Microsoft Is Fine Losing $700 Million on Starfield and Other Titles Because of Exclusivity

Starfield 22 photos
Photo: Bethesda
Microsoft is so close to closing the Activision Blizzard King deal that it could be over by the time I finish writing this article. It's no joke, either. The "powers that be" gave Microsoft the green light (pun intended) to go ahead with the titanic $69 billion acquisition. Appeals were made, sure, but the ink wasn't even dry, and they got shut down. Although the entire debacle is finally over, that doesn't mean we're done with the juicy info.
One of the most heated debates inside the courtroom between the FTC (Federal Trade Commission), Microsoft, and Sony was about the potential removal of Call of Duty from the PlayStation ecosystem after the acquisition of Activision Blizzard King.

Long story short, Sony, the FTC, and UK's regulatory body CMA (Competition and Markets Authority) were worried that if CoD remained only on Xbox systems, it would be unhealthy for the market and, ultimately, for consumers.

Another fascinating fact from the trial was that Sony can make as much as $1.5 billion a year from Call of Duty from simply existing on PlayStation and the PS digital store. It's plain to see why Sony tried so hard to fight the acquisition.

According to other officially revealed documents, Call of Duty has just one more iteration from the Activision-PlayStation contract, so it's gone after the supposed Modern Warfare 3 hits in 2023.

The FTC's fear of anti-competitive practices by Microsoft arose from the previous Starfield exclusivity. After they bought Zenimax, Bethesda announced Starfield as an Xbox-exclusive title that will also come to PC.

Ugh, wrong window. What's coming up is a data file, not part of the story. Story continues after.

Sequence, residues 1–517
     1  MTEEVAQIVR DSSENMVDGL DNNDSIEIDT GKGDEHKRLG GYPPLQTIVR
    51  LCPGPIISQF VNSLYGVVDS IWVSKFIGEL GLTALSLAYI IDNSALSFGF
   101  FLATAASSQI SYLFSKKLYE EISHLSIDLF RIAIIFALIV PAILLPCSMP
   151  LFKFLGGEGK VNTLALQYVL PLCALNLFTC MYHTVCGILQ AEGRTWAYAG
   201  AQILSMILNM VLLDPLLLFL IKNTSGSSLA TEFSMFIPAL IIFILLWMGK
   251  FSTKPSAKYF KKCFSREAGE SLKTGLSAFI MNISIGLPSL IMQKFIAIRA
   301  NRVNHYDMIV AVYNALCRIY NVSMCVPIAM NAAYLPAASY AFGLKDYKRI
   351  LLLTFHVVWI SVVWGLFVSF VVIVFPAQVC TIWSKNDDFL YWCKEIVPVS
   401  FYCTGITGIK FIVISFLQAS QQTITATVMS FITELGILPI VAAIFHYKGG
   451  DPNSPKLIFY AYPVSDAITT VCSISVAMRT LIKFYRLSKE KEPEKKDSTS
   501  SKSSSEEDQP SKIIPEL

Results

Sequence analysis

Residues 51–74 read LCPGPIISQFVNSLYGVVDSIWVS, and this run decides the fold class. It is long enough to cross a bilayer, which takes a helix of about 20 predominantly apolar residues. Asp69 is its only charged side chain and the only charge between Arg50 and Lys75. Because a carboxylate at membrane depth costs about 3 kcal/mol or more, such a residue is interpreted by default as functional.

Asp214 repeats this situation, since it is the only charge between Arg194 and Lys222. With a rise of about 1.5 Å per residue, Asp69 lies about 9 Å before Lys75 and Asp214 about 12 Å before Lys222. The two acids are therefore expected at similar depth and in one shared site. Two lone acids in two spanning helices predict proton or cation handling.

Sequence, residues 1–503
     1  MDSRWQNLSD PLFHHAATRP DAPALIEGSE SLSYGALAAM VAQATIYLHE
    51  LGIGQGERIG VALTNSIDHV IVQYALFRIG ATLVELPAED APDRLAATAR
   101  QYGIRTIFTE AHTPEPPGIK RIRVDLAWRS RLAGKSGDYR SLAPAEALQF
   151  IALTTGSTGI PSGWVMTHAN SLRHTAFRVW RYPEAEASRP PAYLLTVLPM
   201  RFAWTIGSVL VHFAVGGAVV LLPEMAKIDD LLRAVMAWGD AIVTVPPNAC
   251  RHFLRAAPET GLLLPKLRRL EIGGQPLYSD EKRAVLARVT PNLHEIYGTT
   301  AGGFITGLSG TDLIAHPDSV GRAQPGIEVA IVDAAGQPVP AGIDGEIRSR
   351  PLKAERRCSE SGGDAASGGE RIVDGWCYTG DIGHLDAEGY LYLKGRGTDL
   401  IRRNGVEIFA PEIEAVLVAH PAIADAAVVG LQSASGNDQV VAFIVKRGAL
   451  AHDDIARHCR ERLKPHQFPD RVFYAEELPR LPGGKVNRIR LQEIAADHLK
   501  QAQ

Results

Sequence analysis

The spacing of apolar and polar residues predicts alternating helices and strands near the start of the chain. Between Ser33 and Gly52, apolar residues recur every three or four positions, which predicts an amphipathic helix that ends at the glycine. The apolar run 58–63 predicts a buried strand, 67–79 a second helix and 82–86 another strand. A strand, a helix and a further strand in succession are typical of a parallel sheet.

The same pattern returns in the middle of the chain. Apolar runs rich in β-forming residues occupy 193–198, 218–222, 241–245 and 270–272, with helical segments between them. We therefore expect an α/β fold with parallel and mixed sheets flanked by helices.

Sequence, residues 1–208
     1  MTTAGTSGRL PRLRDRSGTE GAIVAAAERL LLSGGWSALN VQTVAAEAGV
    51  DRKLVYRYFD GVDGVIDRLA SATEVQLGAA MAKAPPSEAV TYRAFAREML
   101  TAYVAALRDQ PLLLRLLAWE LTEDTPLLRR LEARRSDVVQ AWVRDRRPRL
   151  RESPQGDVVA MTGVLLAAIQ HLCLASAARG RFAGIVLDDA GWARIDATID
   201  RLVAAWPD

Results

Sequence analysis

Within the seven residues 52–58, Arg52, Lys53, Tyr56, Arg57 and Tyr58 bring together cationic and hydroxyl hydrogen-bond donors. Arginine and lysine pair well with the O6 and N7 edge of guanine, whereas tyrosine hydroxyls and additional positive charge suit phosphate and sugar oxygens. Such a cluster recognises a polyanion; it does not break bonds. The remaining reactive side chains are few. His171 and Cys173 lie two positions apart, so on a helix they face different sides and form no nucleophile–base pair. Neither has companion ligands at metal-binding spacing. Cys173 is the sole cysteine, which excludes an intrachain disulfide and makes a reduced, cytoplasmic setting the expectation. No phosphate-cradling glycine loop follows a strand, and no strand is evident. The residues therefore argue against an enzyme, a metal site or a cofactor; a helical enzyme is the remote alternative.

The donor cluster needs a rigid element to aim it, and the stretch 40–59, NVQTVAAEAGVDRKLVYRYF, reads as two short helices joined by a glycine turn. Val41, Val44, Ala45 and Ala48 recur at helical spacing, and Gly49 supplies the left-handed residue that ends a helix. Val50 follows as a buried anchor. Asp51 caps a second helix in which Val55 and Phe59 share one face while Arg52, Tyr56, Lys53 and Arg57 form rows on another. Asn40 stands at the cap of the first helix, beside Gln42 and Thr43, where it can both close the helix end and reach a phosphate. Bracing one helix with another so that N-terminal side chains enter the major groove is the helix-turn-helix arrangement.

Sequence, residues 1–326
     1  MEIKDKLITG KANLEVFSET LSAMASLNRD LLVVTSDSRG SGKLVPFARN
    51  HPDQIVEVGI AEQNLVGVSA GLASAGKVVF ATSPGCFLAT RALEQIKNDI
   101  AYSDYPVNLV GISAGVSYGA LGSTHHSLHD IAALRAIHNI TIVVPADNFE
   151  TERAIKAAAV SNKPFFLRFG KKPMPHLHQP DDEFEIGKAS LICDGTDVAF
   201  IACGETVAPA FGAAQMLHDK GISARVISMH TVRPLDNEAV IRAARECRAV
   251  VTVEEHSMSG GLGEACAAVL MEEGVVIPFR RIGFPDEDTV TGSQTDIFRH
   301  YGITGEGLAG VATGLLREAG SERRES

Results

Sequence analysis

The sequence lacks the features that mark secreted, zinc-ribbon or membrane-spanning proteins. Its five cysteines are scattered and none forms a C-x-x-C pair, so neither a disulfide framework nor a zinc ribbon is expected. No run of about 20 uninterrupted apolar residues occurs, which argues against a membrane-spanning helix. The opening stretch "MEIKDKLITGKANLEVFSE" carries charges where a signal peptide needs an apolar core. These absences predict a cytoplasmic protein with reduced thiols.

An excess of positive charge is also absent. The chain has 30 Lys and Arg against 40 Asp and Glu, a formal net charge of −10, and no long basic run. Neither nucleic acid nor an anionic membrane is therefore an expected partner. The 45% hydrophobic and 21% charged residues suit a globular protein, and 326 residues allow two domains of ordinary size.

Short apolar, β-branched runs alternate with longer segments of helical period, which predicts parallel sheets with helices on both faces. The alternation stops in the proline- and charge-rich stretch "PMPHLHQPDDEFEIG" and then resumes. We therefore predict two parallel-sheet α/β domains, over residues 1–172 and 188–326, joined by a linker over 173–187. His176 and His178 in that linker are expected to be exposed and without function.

In other words, the FTC had enough reasons from the Starfield case and other Bethesda titles to think that once the Activision Blizzard acquisition came through, Microsoft would take future games like next year's CoD off PlayStation.

Xbox CFO Tim Stuard acknowledged that during an internal financial analysis, after Microsoft bought Bethesda in 2020, titles like Starfield and the upcoming Indiana Jones title would sell more than 10 million copies on PlayStation. Given the games' extremely high profile, selling five million units per game in a short period isn't at all out of the realm of possibility.

Optimally, ten million copies at $70 each would make over $700 million. That's not counting special editions, DLC (downloadable content), and other secondary purchases like these. Starfield and Indy would go way beyond those numbers, given enough time, raking in even more money for Microsoft.

Common sense would dictate that having exclusivity and Game Pass apparently mean more to Microsoft than making their games available on PlayStation.

The leading theory is that in 5-10 years, Game Pass will be on almost every device possible, PlayStation included. The vision is to break away from hardware like consoles into a digital and streaming-only future.

Rumors have also surfaced saying Microsoft isn't done with buying studios and that in 2024, we'll see more big publishers under the Xbox flag. But for that, we'll have to wait and see.
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About the author: Codrin Spiridon
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Codrin just loves American classics, from the 1940s and ‘50s, all the way to the muscle cars of the '60s and '70s. In his perfect world, we'll still see Hudsons and Road Runners roaming the streets for years to come (even in EV form, if that's what it takes to keep the aesthetic alive).
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